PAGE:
Religion Magazine

The Mystery of the Mass

By Stjohnpa @faith_explorer

Few things are more frequently given as evidence for the Catholic Church being on the ropes of history than Mass attendance for young people. Mishel Stefanac shows us why we may have been misdiagnosing the problem and why that gives hope for the future…..

The Mystery of the MassBored, disengaged, uninterested; three words that any teacher would prefer not to use to describe students in a class… let alone during Mass.

In order to understand my students more I reflect on my own experiences as a student in school. As I reminisce the dread of mathematics classes is the first memory that comes to mind. When I think of mathematics all I remember is nerves and anxiety whenever the teacher would ask me a question about fractions or ratios. I would warily respond with an answer that I guessed because I hardly ever listened to what the teacher was saying. I hated mathematics, I was never engaged and evidently I found it boring. However, I wasn’t bored because of the topics we learnt; rather I was bored because I didn’t know why we needed to know these things. The reason for learning ratios and linear equations was never discussed; we just had to know it. I never saw reason, and it all seemed unimportant.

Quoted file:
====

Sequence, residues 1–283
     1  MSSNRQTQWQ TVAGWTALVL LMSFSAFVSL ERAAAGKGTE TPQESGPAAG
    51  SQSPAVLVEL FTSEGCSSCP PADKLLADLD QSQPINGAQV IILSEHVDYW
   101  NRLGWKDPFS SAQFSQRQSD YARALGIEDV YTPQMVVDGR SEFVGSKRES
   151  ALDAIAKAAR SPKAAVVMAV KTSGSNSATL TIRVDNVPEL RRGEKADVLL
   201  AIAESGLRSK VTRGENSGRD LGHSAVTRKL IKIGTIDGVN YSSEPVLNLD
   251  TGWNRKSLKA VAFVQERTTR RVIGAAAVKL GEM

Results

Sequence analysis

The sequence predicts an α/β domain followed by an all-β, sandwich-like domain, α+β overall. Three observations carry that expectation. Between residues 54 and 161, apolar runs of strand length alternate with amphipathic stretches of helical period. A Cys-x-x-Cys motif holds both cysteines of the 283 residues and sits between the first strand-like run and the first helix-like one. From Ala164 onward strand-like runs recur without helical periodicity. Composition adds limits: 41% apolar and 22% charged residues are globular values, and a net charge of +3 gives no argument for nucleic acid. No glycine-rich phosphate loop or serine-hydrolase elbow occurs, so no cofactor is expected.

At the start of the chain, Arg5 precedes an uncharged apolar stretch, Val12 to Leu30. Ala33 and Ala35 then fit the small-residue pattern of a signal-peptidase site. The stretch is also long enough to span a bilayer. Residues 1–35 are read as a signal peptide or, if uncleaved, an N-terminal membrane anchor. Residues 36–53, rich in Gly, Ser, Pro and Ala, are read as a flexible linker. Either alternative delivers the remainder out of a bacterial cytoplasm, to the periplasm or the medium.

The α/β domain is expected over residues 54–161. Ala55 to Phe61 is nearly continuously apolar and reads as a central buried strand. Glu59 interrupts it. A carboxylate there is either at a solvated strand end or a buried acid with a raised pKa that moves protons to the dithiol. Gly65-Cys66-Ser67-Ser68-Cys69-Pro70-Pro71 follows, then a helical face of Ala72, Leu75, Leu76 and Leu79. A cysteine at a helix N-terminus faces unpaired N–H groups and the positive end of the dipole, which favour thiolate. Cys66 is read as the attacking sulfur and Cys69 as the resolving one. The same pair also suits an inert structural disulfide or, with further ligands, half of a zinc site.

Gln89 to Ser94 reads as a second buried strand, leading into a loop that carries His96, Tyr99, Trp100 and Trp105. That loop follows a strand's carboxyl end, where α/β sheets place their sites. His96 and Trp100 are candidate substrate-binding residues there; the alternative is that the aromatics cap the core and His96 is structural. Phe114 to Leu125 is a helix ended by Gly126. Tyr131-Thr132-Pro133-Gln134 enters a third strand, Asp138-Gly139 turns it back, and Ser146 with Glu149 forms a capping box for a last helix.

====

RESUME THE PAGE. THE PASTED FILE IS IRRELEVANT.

I tell this story because our students experience this same disengagement during Mass. Of course, I cannot say all children find it boring. However I can say, from experience, that most children and teenagers do. We, as teachers in Catholic schools, know the battle we are up against before we even step foot into a church for a class or school Mass. We cringe when we see students irreverently walking into a church, we are disappointed when they chat during the Eucharistic prayer and we feel annoyed when they are unresponsive. The big question is ‘how can we fix this?’

Bishop Fulton Sheen preached on this very issue saying, ‘children don’t enjoy mass because they don’t bring anything to it.’ His analogy was the opera. Many people find the opera boring because they bring no knowledge of music with them. Regarding the Mass, Bishop Sheen said ‘certainly you won’t get anything out of it, because you’ve made no effort to understand it.’ It is only when we strive to make an effort to understand the Mass that we will begin to get something out of it. So in overcoming the difficult task of engaging our students in Mass, we must first begin with explaining why we go.

Students are resistant because they are bored and they are bored because they don’t understand why they are there. Students simply see Mass as a duty or an obligation to fulfil. While it is our obligation as Catholics to attend mass regularly, it is imperative for them to understand why. The first step in engaging our students is to explain the whys, such as why do we attend Mass, why do we sing and why does the priest do the things he does. This in itself is a challenge because many teachers don’t know the answer to these questions. One suggestion is to go straight to the Catechism. Start with only one statement, such as ‘we go to Mass because Our Blessed Lord commanded this on Holy Thursday “Do this in remembrance of me.”’